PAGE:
Again, thanks, folks! I'm trying to keep a lookout for deals (s/^d/st/g) on film and paper, and appreciate any and all leads. Especially if it lands me some Delta 3200.
    Henry C. Gernhardt, III

  3. #13
    eddie's Avatar
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    I like the photo. The sky has a sort of Hubble telescope feel to it.

  4. #14

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    I remembered I really liked Fomapan 100 in DD-X

    Didn't realize Arista EDU 100 is the same thing? Dang, need to get some before the prices go up any more!




    I was born free...in my forgotten dreams. by Dr. RawheaD, on Flickr

  5. #15
    hgernhardt's Avatar
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    Quote Originally Posted by eddie View Post
    I like the photo. The sky has a sort of Hubble telescope feel to it.
    Thanks!
    Henry C. Gernhardt, III

  6. #16

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    Just to save you some testing, The Holga film is just rebranded Foma, so Arista.EDU, Fomapan and Holga are all the same film. I have shot a bit of the 400 and find that the 100 and 200 are much less grainy. I have a decent stock of 400 for the various shots that I think I would like grainy, but the 100 is my go-to "cheap" film. I use Rodinal for my Foma based films BTW.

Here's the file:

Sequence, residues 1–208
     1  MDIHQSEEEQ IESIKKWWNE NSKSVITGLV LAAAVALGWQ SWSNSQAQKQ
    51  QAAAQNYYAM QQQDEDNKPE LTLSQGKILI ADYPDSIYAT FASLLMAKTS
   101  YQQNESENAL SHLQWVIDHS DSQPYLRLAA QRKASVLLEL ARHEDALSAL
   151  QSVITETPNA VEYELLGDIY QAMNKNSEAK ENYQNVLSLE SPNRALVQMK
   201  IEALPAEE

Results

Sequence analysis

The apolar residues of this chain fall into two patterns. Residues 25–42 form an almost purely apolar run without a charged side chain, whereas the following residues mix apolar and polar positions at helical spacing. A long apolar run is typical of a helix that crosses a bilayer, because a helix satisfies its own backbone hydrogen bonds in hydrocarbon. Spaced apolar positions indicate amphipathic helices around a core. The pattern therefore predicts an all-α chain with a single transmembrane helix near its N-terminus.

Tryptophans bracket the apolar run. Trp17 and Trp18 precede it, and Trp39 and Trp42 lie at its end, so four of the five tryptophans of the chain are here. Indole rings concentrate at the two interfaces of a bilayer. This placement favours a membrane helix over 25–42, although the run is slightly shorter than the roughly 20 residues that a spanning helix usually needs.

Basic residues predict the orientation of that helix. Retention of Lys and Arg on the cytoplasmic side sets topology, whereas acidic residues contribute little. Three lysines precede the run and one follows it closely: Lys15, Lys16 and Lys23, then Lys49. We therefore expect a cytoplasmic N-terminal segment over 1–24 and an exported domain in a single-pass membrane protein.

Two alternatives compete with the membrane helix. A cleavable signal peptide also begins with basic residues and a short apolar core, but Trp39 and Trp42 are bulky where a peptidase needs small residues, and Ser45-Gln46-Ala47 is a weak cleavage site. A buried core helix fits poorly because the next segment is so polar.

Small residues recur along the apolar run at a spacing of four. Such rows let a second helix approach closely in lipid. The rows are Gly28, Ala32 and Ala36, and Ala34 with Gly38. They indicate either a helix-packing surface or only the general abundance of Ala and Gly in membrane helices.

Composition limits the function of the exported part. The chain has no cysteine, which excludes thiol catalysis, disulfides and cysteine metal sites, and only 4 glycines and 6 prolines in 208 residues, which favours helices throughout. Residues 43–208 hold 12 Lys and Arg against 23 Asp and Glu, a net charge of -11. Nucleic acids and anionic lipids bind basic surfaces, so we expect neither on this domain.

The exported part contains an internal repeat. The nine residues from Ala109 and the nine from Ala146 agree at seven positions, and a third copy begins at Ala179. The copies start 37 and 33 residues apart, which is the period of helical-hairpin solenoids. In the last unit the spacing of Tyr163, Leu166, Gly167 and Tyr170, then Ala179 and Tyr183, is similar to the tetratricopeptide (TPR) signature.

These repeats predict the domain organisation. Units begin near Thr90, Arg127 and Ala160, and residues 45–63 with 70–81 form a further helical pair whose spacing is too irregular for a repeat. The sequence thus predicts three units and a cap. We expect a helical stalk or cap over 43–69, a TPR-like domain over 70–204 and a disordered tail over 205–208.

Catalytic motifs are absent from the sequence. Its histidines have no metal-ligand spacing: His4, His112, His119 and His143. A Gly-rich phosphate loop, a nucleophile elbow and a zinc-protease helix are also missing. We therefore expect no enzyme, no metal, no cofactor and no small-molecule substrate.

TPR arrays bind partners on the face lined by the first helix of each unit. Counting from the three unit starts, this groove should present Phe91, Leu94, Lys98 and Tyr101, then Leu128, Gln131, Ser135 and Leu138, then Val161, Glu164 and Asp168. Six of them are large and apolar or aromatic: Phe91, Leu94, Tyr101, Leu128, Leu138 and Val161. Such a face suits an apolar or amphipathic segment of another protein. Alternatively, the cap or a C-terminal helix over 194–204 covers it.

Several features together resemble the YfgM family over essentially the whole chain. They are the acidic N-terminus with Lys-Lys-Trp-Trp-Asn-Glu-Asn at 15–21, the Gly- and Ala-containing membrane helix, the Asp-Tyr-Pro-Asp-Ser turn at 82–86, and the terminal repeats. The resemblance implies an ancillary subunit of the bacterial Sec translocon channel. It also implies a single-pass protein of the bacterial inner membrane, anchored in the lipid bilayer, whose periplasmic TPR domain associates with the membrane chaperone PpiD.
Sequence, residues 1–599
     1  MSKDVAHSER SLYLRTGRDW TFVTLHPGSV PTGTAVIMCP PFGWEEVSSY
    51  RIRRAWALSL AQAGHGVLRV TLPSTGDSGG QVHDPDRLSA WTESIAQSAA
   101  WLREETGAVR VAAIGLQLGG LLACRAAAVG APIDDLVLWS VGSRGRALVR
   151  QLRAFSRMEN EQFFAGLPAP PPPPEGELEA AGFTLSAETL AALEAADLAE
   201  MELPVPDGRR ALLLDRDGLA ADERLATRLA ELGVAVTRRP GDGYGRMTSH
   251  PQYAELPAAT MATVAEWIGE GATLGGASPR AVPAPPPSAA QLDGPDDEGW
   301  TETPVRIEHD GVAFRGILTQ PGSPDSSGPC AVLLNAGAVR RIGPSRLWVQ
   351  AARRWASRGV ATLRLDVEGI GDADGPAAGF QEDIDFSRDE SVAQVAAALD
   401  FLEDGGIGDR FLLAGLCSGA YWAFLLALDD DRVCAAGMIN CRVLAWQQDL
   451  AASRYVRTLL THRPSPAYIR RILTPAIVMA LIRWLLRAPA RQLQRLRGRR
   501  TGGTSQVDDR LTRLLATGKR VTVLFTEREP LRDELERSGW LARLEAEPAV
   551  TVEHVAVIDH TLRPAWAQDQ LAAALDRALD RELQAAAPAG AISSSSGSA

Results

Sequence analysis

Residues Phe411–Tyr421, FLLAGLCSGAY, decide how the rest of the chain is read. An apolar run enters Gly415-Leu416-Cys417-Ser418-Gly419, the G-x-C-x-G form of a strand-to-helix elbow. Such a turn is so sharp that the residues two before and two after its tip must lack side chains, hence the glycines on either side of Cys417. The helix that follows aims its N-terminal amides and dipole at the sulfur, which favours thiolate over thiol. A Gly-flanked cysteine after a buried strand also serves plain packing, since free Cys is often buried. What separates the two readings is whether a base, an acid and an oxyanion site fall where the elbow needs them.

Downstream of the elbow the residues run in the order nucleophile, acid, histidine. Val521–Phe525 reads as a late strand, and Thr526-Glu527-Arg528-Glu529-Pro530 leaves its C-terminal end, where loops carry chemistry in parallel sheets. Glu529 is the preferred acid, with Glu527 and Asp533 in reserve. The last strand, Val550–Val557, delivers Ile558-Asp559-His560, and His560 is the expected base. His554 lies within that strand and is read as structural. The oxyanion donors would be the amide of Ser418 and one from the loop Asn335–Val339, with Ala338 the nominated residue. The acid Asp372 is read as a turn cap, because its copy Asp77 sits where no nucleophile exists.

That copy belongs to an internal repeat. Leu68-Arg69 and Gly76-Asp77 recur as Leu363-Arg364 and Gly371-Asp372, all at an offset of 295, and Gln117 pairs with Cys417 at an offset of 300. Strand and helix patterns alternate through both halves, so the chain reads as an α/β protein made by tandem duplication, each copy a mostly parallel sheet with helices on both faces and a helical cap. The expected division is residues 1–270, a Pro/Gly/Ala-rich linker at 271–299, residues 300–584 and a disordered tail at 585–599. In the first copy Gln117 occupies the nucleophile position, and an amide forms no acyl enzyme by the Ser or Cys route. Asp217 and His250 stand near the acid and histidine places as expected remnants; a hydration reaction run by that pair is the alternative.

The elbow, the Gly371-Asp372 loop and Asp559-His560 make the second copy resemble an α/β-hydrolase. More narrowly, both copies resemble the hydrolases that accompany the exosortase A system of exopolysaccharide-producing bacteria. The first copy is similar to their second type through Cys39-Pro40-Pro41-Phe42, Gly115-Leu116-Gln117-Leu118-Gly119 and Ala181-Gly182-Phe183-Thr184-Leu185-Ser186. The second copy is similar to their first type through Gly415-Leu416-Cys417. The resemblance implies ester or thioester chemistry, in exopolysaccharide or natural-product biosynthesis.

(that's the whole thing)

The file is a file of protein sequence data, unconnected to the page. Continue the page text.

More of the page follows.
7. #17

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    It is surprised to see that B&H listed HP5+ and Acros at low prices comparing to Freestyle, so for few cents i will go with HP5+ and Acros is my top favorite film even if it is expensive.

    Wish if that TMAX 400 was cheaper, it is my most used film so far before Acros 100, good i have loads of it, but i can buy more in the future if i need.

  8. #18
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    Cheapest B&W 120 film available in USA?

    Quote Originally Posted by TareqPhoto View Post
    It is surprised to see that B&H listed HP5+ and Acros at low prices comparing to Freestyle, so for few cents i will go with HP5+ and Acros is my top favorite film even if it is expensive.